MIAMI (AP) – When the Miami football staff showed up for work Saturday, there still was hope that the Hurricanes would have two games left on their schedule this season.
That won’t be the case.
Miami was eliminated from the Atlantic Coast Conference Coastal Division race Saturday afternoon when Duke topped North Carolina, an outcome that meant the Blue Devils will be heading to Charlotte, N.C. next week to take on unbeaten Florida State for the league title.
It also meant Miami coach Al Golden and his staff will be heading, well, just about everywhere next week — with recruiting becoming the top priority now, especially since the Hurricanes don’t know who, where or when they’ll be playing in the school’s first bowl appearance since 2010.
“We’re going to be in a bowl game for the first time in three years. We have a chance to win 10 games for the first time in a decade,” Golden said on a teleconference from his office in Coral Gables, Fla. “It’s been a rough couple years. So all said and done, let’s keep recruiting, let’s keep moving the program forward and have some opportunities here in the next four weeks that we haven’t had the previous two years.”
Miami’s most likely bowl destinations would seem to be the Russell Athletic Bowl, where Louisville might be a possible opponent, or the Chick-Fil-A Bowl. Sometime in the next week or so, all those decisions will be finalized.
Until then, the Hurricanes won’t be thinking about the end of 2013, but rather building for 2014 and beyond.
“We just have too much work to take a deep breath now,” Golden said.
Miami (9-3) capped its regular season with a 41-31 win at Pittsburgh on Friday, the nine wins matching the Hurricanes’ most in a regular season since 2009. The Hurricanes haven’t had a 10-win year since 2003, and that’s been a rallying cry for the team over the last few weeks, especially after Miami knew its ACC hopes were in big trouble following a loss to Duke.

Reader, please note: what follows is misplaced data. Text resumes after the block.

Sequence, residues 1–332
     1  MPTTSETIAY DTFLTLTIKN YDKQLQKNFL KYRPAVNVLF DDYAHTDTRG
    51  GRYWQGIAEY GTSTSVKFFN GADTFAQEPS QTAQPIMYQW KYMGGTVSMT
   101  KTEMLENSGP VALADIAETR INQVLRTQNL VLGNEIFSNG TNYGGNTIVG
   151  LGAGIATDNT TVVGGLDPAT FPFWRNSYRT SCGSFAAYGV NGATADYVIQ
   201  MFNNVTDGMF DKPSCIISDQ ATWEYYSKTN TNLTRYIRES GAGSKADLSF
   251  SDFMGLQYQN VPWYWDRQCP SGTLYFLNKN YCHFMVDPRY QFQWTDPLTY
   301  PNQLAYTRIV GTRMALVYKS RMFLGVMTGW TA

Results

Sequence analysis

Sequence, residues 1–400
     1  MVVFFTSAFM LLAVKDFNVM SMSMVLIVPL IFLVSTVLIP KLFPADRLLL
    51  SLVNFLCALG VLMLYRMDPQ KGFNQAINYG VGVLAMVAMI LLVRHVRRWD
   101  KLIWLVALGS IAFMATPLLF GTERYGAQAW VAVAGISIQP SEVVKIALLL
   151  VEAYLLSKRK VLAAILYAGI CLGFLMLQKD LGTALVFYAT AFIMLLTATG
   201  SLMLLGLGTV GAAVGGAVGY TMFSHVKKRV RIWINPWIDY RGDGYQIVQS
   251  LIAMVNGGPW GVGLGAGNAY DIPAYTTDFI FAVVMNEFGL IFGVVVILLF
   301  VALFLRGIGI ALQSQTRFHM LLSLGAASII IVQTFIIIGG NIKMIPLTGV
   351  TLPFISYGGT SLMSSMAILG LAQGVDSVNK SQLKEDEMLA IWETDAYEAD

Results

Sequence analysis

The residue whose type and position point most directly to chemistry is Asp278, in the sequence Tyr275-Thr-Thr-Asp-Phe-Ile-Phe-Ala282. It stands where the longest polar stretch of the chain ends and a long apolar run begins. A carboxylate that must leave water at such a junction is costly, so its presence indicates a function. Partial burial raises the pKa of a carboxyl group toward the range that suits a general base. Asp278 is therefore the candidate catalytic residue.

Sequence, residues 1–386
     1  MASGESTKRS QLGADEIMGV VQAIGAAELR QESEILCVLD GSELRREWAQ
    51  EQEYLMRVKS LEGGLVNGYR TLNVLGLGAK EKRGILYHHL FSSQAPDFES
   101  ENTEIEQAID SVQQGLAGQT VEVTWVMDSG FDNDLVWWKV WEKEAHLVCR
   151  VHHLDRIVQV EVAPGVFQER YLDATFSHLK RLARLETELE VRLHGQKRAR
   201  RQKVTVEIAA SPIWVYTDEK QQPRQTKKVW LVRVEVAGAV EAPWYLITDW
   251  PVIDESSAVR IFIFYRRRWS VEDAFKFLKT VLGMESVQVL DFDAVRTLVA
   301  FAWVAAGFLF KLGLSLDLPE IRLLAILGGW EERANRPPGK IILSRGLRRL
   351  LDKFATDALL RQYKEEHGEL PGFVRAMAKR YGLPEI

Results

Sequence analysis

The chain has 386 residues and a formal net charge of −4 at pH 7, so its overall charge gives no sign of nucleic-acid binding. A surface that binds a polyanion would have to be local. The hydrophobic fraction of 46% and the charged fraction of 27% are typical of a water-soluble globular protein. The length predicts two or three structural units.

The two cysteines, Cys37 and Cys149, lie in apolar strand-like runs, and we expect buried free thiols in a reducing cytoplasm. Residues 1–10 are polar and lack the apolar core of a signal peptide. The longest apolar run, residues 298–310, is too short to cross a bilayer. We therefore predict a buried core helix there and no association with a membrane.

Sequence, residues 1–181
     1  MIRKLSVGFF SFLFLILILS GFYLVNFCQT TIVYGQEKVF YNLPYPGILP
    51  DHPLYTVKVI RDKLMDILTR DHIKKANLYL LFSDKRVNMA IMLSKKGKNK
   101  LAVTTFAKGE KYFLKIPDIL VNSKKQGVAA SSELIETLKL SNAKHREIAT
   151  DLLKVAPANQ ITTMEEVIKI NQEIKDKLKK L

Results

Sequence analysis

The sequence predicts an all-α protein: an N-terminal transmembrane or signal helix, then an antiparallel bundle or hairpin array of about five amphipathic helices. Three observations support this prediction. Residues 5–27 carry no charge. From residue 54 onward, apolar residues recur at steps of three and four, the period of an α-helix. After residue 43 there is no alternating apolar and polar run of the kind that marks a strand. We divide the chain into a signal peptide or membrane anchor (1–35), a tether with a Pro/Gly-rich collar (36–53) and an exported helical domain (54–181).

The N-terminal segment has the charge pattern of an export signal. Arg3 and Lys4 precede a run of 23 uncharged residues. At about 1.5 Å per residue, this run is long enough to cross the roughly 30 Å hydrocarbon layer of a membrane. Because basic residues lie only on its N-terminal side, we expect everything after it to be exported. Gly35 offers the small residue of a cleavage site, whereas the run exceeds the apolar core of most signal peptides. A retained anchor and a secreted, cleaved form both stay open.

Wins over Virginia and Pittsburgh followed, keeping the 10-win dream alive.
The biggest win for Miami this season, though, doesn’t even factor into the record. The Hurricanes are no longer under the cloud of an NCAA investigation, that 2½-year saga that revolved around the actions of former booster and convicted Ponzi scheme architect Nevin Shapiro finally ending this fall with the announcement of sanctions against the school.
The football team may lose nine scholarships over the next three years, though Miami hopes to have that penalty reduced. Other than that, the worst is over. So when Golden and his staff go recruiting now, there will be no more doomsday scenarios for them to address when talking to prospects and their families.
“Being able to go into bowl practice and having all the kids in South Florida come watch bowl practice and watch us operate and be around our players and get to know our team and players and then being able to go to a bowl site and getting all the residual that that brings with it … it’s tough to quantify,” Golden said.
Miami self-imposed postseason bans in 2011 and 2012, the latter of which cost the Hurricanes a trip to the ACC title game. They were the preseason pick to get there this season, then fell short.
That’s one of the many reasons why Golden isn’t taking victory laps after a nine-win season.
“We’ve got a lot of work to do,” Golden said, repeating a mantra he’s often offered in recent weeks. “We’re not where we want to be yet.”
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